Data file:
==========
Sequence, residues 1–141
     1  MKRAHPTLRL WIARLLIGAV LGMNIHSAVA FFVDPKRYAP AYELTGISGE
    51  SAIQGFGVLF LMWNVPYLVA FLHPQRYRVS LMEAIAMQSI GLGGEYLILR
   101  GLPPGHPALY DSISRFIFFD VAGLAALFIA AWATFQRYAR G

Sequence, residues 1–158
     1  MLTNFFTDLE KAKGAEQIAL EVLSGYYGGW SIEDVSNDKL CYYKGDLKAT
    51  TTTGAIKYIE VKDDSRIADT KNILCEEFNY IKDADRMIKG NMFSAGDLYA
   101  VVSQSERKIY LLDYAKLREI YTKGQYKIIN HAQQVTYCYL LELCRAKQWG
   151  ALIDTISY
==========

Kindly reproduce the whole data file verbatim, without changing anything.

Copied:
Sequence, residues 1–141
     1  MKRAHPTLRL WIARLLIGAV LGMNIHSAVA FFVDPKRYAP AYELTGISGE
    51  SAIQGFGVLF LMWNVPYLVA FLHPQRYRVS LMEAIAMQSI GLGGEYLILR
   101  GLPPGHPALY DSISRFIFFD VAGLAALFIA AWATFQRYAR G

Sequence, residues 1–158
     1  MLTNFFTDLE KAKGAEQIAL EVLSGYYGGW SIEDVSNDKL CYYKGDLKAT
    51  TTTGAIKYIE VKDDSRIADT KNILCEEFNY IKDADRMIKG NMFSAGDLYA
   101  VVSQSERKIY LLDYAKLREI YTKGQYKIIN HAQQVTYCYL LELCRAKQWG
   151  ALIDTISY